Book Reviews

SMITH: In the Shadow of Gold (2020)

Posted 3/24/2021 Reviewed By Sarah Kay Bierle

In the Shadow of Gold: A Tale of the Lost Confederate Treasure by Michael Kenneth Smith. Independently Published, 2020. Paper, ISBN: 979-8684953736. $14.99.
 

What happened to the gold that stocked the Confederate treasury? It’s a question that has puzzled researchers, myth-chasers, and treasure hunters for decades. In his latest historical novel, Michael Kenneth Smith spins an intriguing tale packed with adventure, a dash of romance, and a new look at the meanings of freedom.

Main character Yancey Arvindale is a spunky lad who endearingly ignores the expectations of his world and the reader alike. He yearns for freedom from the demanding expectations of his family. From his seasickness, which prevents him from serving aboard ships like his famous father, to his clever treasure codes and kind-hearted actions, Yancey’s character is a spark of humanity set against the darkness of the war’s final days.

Smith supplies an interesting and successful parallel to Yancey in the character of Ellie, an enslaved woman who runs from the abuse and trauma of the plantation. Ellie finds purpose, meaning, and freedom in unexpected ways—especially when her path crosses with Yancey’s. Intertwining the stories of his two protagonists, Smith offers a powerful meditation on two very different types of freedom and the meaning of liberty.

In the Shadow of Gold clips along at a fast pace, but without sacrificing detail or historical cameos. The story approximates the actual historical timeline of the Confederate government’s flight from Richmond. The plot features major stops along the route of the fugitive rebels. Smith also spotlights the Confederate Naval Academy Cadets who guarded the exiled government’s treasury.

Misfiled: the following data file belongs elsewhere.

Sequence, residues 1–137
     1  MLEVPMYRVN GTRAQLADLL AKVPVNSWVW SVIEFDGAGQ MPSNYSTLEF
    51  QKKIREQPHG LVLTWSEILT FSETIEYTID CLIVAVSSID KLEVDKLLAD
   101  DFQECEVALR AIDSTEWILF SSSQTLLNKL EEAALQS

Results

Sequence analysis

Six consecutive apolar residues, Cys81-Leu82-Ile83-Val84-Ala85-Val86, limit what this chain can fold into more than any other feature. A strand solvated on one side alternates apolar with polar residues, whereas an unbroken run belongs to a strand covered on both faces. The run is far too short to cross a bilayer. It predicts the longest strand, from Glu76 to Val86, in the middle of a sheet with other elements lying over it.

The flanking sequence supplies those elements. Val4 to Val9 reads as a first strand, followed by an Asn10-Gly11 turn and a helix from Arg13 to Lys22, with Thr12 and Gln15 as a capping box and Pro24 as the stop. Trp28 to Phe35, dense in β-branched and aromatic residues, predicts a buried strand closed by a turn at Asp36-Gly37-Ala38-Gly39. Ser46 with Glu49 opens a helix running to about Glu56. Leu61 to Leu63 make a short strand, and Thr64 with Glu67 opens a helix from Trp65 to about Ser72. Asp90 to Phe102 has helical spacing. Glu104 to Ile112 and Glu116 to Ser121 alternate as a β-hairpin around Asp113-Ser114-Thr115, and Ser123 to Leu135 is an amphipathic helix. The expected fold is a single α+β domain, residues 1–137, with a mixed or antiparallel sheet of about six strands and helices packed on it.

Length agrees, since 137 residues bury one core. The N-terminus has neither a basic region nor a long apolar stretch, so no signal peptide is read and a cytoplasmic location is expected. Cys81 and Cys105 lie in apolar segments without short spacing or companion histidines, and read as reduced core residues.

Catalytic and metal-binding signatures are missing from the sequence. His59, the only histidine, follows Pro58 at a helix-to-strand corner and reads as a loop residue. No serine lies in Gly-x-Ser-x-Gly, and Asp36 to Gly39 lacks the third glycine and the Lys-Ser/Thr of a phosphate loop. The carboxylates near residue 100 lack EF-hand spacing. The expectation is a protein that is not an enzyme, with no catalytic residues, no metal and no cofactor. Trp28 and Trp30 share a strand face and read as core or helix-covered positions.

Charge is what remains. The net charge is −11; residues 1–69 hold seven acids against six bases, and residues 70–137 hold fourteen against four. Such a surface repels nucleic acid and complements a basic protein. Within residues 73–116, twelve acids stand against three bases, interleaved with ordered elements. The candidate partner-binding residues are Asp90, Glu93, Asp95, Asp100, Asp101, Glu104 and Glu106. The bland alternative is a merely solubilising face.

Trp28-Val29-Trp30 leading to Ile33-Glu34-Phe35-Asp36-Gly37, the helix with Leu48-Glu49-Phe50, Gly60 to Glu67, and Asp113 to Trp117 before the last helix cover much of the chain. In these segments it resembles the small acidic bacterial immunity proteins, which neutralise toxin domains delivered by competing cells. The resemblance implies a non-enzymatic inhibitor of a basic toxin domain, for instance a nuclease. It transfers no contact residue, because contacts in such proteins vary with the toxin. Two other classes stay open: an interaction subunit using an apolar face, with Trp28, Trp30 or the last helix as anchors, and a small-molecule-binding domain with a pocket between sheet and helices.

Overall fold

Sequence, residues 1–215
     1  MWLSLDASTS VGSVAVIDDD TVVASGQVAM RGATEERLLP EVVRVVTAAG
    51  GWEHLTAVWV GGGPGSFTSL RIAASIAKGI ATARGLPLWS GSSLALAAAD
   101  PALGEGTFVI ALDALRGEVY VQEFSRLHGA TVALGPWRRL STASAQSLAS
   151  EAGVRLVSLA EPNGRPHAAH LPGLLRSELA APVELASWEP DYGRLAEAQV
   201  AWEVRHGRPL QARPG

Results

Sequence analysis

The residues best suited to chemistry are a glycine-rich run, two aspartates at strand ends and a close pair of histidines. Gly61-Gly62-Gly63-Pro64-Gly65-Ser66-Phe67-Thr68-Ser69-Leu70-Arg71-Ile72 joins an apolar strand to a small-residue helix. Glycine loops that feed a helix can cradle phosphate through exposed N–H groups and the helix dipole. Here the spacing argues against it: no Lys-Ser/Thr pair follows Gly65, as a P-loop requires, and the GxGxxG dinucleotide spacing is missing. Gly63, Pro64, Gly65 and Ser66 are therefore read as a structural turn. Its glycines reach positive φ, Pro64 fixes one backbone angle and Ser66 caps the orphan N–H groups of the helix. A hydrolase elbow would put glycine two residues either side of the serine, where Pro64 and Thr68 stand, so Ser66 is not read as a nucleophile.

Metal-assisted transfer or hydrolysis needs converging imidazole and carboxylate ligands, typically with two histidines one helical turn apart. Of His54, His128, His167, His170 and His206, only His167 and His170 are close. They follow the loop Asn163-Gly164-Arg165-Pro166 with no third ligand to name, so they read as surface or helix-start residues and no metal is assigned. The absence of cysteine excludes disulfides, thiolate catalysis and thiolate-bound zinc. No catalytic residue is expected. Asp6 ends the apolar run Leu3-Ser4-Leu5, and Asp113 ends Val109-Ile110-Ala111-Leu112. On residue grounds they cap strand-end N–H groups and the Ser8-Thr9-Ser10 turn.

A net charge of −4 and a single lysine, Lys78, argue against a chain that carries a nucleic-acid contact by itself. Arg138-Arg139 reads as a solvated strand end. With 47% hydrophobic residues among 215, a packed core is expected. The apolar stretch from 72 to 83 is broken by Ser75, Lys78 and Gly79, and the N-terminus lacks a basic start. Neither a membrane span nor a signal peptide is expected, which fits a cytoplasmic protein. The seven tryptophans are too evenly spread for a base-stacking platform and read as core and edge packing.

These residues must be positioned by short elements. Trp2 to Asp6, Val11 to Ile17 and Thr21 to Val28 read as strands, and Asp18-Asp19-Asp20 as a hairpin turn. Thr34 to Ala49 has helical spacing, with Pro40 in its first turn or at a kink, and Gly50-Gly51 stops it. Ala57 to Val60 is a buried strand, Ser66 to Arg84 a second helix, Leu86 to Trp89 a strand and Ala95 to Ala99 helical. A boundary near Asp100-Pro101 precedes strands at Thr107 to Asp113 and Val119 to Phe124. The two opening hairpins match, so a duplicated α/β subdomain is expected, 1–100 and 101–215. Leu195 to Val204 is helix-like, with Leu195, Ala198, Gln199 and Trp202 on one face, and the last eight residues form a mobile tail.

Ellie’s story helps to highlight the fact that slavery existed until the ratification of the 13th Amendment; her fictional experiences parallel those of real enslaved women who sought meaningful freedom. The plot also underscores the extreme hardships of hunger and disease that many formerly enslaved families faced after the war.

In a concluding historical note, Smith comments on his novel’s historical accuracy and the cameos made by real and lesser-known historical figures.

No one really knows what happened to the Confederate gold, though rumors and tales abound. From the known facts and lingering legends, veteran author Michael Kenneth Smith has spun another unique tale. The novel’s themes offer thoughtful and sometimes direct commentary on issues of inequality and racial injustice, drawing a hopeful picture against a dark historical background. In their search for personal freedom, the novel’s protagonists provide encouragement.

This is a historical novel for our own challenging times.
 

Sarah Kay Bierle serves as the Managing Editor of the Emerging Civil War blog. She has authored four books, including several works of historical fiction.

 

 

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